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Dear teachers,

Would you please have a look at my exercise? Would you have MORE sentences for me to do?

Rewrite these sentences using a genitive whenever it is possible and making the necessary changes.

1) The goal of Bill Clinton is to make a distinction between legal and illegal immigration.

Bill Clinton'S goal is to make a distinction between legal and illegal immigration.

2) The short-term costs of immigration are very high. NO CHANGE (?)

3) The figures published last year show an increase in the number of Asian immigrants. NO CHANGE ?

4) Romeo and Juliet forfeit their lives partly as a result of the hatred and the prejudice of their parents. (is this sentence correct ?)

Romeo and Juliet forfeit their lives partly as a result of their parentS' hatred and prejudice.

5) The leader of the students was an excellent speaker. NO CHANGE

Thanks a lot,
Hela
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Comments  
Hi Hela,

I'd say that in these cases you can use either, and it becomes a question of formality and style.

Do you have a different understanding?

Best wishes, Clive
HelaDear teachers,

Would you please have a look at my exercise? Would you have MORE sentences for me to do?

Rewrite these sentences using a genitive whenever it is possible and making the necessary changes.

1) The goal of Bill Clinton is to make a distinction between legal and illegal immigration.

Bill Clinton'S goal is to make a distinction between legal and illegal immigration.

2) The short-term costs of immigration are very high. NO CHANGE (?)

3) The figures published last year show an increase in the number of Asian immigrants. NO CHANGE ?

4) Romeo and Juliet forfeit their lives partly as a result of the hatred and the prejudice of their parents. (is this sentence correct ?)

Romeo and Juliet forfeit their lives partly as a result of their parentS' hatred and prejudice.

5) The leader of the students was an excellent speaker. NO CHANGE

Thanks a lot,
Hela

1) is good.

I agree that 2) and 5) would sound odd in the genitive form.

In 3), "last year's figures" is OK.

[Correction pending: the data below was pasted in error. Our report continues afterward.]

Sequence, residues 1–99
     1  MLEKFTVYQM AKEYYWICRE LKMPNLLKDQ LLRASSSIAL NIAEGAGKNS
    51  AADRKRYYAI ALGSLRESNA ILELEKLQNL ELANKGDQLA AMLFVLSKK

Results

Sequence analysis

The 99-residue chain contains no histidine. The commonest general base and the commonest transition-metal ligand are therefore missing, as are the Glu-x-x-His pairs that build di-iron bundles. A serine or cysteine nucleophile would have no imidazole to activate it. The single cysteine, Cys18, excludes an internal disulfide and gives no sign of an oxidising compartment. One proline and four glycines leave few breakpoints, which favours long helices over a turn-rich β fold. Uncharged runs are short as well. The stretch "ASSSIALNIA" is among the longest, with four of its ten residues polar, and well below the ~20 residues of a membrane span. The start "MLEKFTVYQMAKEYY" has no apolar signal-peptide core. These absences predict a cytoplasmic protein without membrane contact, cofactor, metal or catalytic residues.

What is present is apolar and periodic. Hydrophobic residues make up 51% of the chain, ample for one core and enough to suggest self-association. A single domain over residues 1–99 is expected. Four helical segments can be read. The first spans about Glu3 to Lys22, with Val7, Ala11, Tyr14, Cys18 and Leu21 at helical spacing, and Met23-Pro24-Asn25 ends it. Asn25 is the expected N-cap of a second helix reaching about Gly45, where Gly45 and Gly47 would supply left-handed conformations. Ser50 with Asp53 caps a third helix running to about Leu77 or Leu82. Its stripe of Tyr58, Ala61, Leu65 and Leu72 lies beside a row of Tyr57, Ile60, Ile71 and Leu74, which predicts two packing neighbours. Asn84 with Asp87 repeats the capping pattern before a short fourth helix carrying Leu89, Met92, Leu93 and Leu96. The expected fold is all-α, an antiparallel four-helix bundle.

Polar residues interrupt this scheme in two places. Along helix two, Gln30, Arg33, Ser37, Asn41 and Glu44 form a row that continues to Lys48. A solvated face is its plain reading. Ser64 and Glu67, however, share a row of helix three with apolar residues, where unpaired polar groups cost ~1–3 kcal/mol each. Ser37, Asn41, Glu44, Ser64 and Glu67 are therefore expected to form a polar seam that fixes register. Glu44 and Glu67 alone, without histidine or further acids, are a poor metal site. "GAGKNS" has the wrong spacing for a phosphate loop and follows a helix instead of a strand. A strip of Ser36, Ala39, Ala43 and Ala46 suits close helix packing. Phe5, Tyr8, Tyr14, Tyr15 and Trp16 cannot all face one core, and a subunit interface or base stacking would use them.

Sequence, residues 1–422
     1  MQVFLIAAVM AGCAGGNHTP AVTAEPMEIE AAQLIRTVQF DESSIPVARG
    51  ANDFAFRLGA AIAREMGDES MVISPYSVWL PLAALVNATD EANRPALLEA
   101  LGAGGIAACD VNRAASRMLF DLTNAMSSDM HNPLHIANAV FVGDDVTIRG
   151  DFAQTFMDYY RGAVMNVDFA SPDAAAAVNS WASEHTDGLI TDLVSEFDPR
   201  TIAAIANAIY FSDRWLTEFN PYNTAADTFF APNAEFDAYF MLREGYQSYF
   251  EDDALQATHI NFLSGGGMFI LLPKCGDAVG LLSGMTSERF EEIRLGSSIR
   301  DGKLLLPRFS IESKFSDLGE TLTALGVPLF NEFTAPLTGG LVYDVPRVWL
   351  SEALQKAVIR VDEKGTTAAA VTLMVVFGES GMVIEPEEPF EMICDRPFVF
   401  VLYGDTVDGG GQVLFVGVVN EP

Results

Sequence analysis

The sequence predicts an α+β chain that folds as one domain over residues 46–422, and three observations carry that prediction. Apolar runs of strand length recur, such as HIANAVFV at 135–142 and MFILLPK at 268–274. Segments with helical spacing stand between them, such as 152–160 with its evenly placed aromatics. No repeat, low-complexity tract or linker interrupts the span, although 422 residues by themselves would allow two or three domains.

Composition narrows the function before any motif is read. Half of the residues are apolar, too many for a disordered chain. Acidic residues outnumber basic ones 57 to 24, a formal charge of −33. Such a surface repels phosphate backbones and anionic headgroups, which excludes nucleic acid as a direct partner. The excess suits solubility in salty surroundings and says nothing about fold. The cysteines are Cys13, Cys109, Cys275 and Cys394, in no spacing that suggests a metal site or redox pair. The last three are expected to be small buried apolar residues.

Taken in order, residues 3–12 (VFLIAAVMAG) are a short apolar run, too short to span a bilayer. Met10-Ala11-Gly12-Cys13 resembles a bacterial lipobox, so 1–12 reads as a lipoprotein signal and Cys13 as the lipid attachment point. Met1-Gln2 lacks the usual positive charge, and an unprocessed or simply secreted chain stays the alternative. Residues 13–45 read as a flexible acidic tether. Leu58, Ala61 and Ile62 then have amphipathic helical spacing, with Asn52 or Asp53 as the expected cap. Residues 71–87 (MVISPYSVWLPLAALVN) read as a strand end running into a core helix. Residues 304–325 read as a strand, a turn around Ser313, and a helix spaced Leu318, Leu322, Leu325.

4) is good
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I'd agree with Clive: they're all possible.

2) Immigration's short-term costs are very high.

– this sounds ok to me. I can imagine an MP saying it, in an interview; or you might find it in an article.

5) The students' leader was an excellent speaker.

– this too. "The students' leader" googles up some similar examples.

MrP
So you think that all five sentences can take the possessive case? Even #3 ?

3) The figures published last year show an increase in the number of Asian immigrants. =

Last year's figures show an increase in Asian immigrants' numbers. possible ?

Now we said that time expressions normally take the possessive case but that's not always true:

"Last year'S figures are..." is correct but NOT "The day'S time is 7:00."
How do you explain that please?

By the way is there a difference between "possessive case" and "genitive case"?

See you! Emotion: smile
Hello Hela

Sorry, I missed that!

You might possibly hear a phrase such as "Asian immigrants' numbers" in terse journalistic reporting; but on the whole, "the number of" isn't "genitivised" in this way.

I'm not quite sure why this is, or why phrases such as "the day's time" aren't used (except sometimes in poetry). I'll have to think about it!

As for the "genitive", this usually describes an inflected form of a noun; but the "possessive" can also be used for "of" forms (e.g. "strength of mind", etc.).

See you later,

MrP
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Dear MrP and all the other teachers,

1) So what we call "the genitive case" is the apostrophe s and the relative whose, and the "possessive case" is any expression with of to express possession? Would you please give me sentences where we CANNOT use the 's but rather the of form?

2) Would you please tell me more about factors concerning abstract nouns and give me examples of temporal, locative, human activity (and others perhaps) genitives?

3) What about : "Treasure Island’s author, Robert Louis Stevenson, was a Scotsman born in Edinburgh in 1850."

In which category would you put "titles of books"? Proper noun = concrete noun?

4) Are these wrong ?
The leach of the dog. / The car's door is open.